I went out to the car yesterday at around mid-day and saw what I THOUGHT was the light of the sun refracting off the trunk lid of my car......I WAS WRONG.     I looked up into the nearly cloudless (except in one area) sunny sky, and saw two large clouds "near" each other; with a HUGE bright rainbow in between them. This is the first time I have EVER seen a rainbow in a sunny, rainless, snowless day. Below is a Close up and a normal sized picture of the bow.     In the second picture, there is a speck up there,  that is a crow, IIRC.  

Topic by Goodhart    |  last reply


Using a laser pointer to display secret shapes?

Hey, all, I'm working on a puzzle for an escape room right now and am wondering if there's any way that I can use a laser pointer to display a number. My hope is that the number is not on the lens of the pointer, but rather is discovered after the laser pointer is shined through a specific spot on a piece of plexiglass. The players are asked to set up a tripod in a specific spot with a specific angle, mount the laser point to the top of it and then move the point around the room. Ideally, as the point is traveling around the room, it will shine directly on a small part of a plexiglass display and then refract a number on the wall behind it. Any ideas on how or if this is possible? Any and all thoughts are welcome. Thanks!

Question by DrewP36    |  last reply


How to get the right voltages to make a circuit with laser pointer, LDR and motor?

In short, it is for a uni project, and what I would like to do is shine a light (laser or white light) onto a prism that would have a LDR to detect the light and trigger a motor - the motor is attached to the prism to make it spin and refract the light to the next prism for a chain reaction mechanism to happen (I'd have 3 of them operating in a circle, maybe..) What I really need to know is what types of components to buy as there seems to be different kinds of every one, different voltages. (for example, how strong a laser do I need to be detected by the LDR, etc etc...) Don't want to fry anything! Thank you very much for you help! :)

Question by matisha23    |  last reply


Bottled light in the Philipines

There's a novel, simple idea spreading in the Philipines - using bottles of water as skylights. The concept is staggeringly simple - slum dwellings are dark, and need light, even in the daytime. Though they have electricity, it is the most expensive in the area, so they can't afford to use powered lights. Instead, they use water. A two-litre bottle of water, with a little bleach to prevent algal growth, is set into a section of metal sheeting, which in turn is set into the roofs of dwellings, workshops, even chicken-coops.  The water-bottle refracts the light in all directions, instead of letting it shine through in a single beam, and provides as much illumination as a traditional 60W bulb. OK, so this is old news to some people, but it's new to me. For more information, have a look at the Litre of Light website, or just have a poke around Google and YouTube.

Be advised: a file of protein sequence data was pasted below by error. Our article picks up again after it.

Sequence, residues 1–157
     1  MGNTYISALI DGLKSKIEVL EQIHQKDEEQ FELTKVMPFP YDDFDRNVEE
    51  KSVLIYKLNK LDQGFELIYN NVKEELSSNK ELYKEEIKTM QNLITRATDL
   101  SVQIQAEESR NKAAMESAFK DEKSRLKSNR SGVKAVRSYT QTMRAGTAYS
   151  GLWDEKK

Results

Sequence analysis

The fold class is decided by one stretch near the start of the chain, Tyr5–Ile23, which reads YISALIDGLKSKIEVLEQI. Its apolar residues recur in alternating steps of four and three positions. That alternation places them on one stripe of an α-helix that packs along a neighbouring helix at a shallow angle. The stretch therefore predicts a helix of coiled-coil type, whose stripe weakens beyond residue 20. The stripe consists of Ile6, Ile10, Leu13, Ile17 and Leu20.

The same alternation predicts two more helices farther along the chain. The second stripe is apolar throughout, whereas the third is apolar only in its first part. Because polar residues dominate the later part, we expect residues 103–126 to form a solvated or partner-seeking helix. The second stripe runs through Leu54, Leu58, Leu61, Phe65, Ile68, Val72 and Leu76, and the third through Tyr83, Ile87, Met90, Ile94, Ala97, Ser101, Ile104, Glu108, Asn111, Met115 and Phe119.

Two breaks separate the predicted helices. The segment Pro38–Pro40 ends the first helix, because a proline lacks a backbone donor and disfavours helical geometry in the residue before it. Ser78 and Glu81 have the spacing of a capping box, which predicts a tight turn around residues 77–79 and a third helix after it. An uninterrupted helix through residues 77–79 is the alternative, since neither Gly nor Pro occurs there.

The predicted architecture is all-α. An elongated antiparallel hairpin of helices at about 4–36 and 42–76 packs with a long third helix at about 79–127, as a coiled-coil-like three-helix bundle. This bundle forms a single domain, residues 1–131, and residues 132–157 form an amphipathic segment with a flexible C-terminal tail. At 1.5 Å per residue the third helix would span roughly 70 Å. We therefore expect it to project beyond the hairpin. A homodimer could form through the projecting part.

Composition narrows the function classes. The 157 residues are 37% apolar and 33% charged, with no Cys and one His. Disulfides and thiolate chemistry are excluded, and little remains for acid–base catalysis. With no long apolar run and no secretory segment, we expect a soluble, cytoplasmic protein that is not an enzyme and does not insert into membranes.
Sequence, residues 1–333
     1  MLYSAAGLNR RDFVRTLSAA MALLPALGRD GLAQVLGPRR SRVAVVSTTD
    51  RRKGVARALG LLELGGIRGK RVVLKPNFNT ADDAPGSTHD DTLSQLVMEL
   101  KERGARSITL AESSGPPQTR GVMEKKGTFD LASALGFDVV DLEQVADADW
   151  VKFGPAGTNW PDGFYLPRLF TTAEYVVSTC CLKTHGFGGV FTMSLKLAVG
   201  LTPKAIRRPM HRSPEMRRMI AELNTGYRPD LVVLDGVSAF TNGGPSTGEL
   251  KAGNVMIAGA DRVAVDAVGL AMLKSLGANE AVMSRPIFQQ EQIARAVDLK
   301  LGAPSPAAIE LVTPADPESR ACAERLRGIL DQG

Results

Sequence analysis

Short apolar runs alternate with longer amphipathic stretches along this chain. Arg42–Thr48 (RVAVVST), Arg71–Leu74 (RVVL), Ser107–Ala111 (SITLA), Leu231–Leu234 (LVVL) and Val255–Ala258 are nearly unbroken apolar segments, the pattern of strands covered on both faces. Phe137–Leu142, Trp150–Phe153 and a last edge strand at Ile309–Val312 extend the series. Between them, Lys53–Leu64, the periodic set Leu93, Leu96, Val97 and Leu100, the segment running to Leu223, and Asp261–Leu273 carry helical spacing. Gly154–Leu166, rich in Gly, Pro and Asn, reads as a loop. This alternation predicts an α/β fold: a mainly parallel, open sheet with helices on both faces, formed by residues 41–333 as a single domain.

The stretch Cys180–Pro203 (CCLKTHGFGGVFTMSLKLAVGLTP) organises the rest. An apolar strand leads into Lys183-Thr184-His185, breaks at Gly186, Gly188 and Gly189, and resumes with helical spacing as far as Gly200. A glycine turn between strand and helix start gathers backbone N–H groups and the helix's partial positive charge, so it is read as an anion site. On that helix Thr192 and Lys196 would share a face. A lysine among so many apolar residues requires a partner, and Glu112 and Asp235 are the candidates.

Topic by Kiteman    |  last reply


Things to do with LCD backlight guide plate and polarisation films?

I received about 15 damaged laptop screens and took them apart to get the CCFLs and inverters which I'll combine into a modest spotlight for video recording. From each laptop I also gained some films and the light guide panel. I believe one of the films from each is just a simple diffuser whilst the other two appear to also be blurry polarisers. Finally, each screen has an acrylic light guide which refracts the light 90° and does so evenly by having some kind of bumps or dots spaced out according to the "diffusion equation" so there are more further away from the source of light (which comes from the side).  Any ideas for what I might use these films and plates? I do have a lamp project for which I can use the diffusion film but the polarising films would probably absorb too much of the light.

Topic by THX 1138    |  last reply


Any suggestions for a 5mm - 10mm telescope eyepiece?

I am currently using a home built 3'' refracting telescope, and want to build a shorter focal length eyepiece to get some detail for observing planets (lunar surface, rings on Saturn, more of the moons of Jupiter. The current setup uses a plossl eyepiece with about a 25mm focal length, giving 30 to 40x magnification, and allowing very clear viewing of the moon, and will pick out three of Jupiters moons on a clear night. Ideally I'd like a 5mm to 10mm focal length, for a 100 to 200x magnification. I've considered using the lens out of a DVD drive, which looks as though it could work, although I've only seen one example of it done before. I also have a selection of reasonable quality prisms and lenses about 1'' diameter, with focal lengths from about 2'' to 4''. So, how well would a DVD drive lens work, and are there any interesting designs that make an eyepiece with a focal length significantly shorter than any of its component lenses (in the same way the focal length of a plossl is about 1/2 the focal length of the lenses used). Thanks in advance for any help. (Would this get better response in the photography section)

Topic by The Skinnerz    |  last reply


fishbowl with floating tv

Can someone tell me if this has already been done or where i might find some information? (beg pardon if answer is painfully apparent / easy to find and i didnt) backstory: i bought a house. in historical documents of 1905 a lighted "french" sculpture was mentioned. it is now gone but there is a convenient hole with a electric switch for said hole. i was thinking of what to put in the hole and i remembered watching the Chris Isaak tv show something like ten years ago and aside from the amiable goofball lead the show also had an wise advisor character who was dressed up like a mermaid and through the refractive index of a fishbowl and some other feats of science appeared to be floating and moving in a large fishbowl mounted on a table in a bar. question1; does anyone know the conditions necesary to set up a similar trick? maybe with a small tv, cell phone screen, clock, camera, or something else set up on the bottom of a glass ball with the image floating in the ball? question 2; could you set up a large trapezoidal cube made of glass on top of a flat screen tv on the floor where the light bending quality of the glass would redirect the image on the tv on all the surfaces of the cube? sub-question; could you make said cube with slightly convex surfaces to enlarge the image of a very small image projector?